Thursday, 20 October 2016

Lost and forgotten streets of Manchester ..... nu 70 the disappearing house on Major Street and the Cross Keys

Now for three years I passed Major Street without even giving it a second glance, it was just one of the streets you passed on your way up Minishull Street.

The Cross Keys on the corner of Major and Minishull Street, 1970
Although I did have my own moment of destiny on the corner where the two meet which involved the publican of the Cross Keys pub and a dispute about the length of my hair.

It was November 1969 I had been in the city for just three months and in the company of four others we went into the Cross Keys for a drink, only to be refused because we had long hair which in my case hadn’t even covered the top of my ears.

We of course left only to return a year later having seen the landlord leave as we were passing.  By then all of us had shoulder length hair and it seemed a fitting revenge.  Such are the great moments of history.  Others marched and demanded social change and we defied a publican.

The Cross Keys has gone now along with a big chunk of the two streets I knew.

That said the one I am really interested in had gone even before the start of the last century.

This was number 14 Major Street and it is a building I have been interested in ever since I discovered it was briefly one of the refuge buildings for a children’s charity.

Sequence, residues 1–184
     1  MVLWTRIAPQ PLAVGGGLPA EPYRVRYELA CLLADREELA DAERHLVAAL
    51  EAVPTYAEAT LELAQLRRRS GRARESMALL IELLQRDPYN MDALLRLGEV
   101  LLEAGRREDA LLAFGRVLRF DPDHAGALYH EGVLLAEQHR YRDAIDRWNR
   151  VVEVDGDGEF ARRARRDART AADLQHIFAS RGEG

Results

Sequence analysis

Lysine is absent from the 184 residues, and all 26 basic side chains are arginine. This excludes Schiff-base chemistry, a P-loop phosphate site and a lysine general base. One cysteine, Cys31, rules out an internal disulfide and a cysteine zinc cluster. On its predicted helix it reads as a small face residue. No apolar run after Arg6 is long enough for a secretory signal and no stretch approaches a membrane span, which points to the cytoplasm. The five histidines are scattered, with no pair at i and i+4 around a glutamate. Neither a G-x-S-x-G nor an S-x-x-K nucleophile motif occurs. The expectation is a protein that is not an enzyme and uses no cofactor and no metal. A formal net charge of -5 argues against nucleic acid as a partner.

Nu 14 Major Street, 1886
The charity was the Manchester and Salford Boys’ and Girls’ Refuges which had been established in 1870 to provide a bed and a meal for destitute boys.

It quickly extended its work to include girls as well as boys, and  provide more permanent homes offering training for future careers along with holiday homes.

It also campaigned against some of the worst cases of child exploitation taking negligent parents to court and arguing against the practise of employing young children to sell matches on the streets of the twin cities.

And sometime after 1883 it took over number 14 Major Street as an additional home.*

I can’t be exactly sure on the date, but the 1883 street directory does not list it and the 1886 one does.

Nor did it have a long time, because by 1890 it had gone and in its place was a factory.

And just leaves me with the building which was sandwiched between the Cross Keys and number 14.

It went through various uses but by the 1880s had become an “eating house” which it remained through all the time the charity occupied the building next door.

And that is all I want to say.

Location; Manchester

Pictures; the Cross Keys, A Davison, 1970, m49464 courtesy of Manchester Libraries, Information and Archives, Manchester City Council, and nu 14 Major Street, 1886  courtesy of the Together Trust,

*Slater's Directory of Manchester & Salford, 1863-1911

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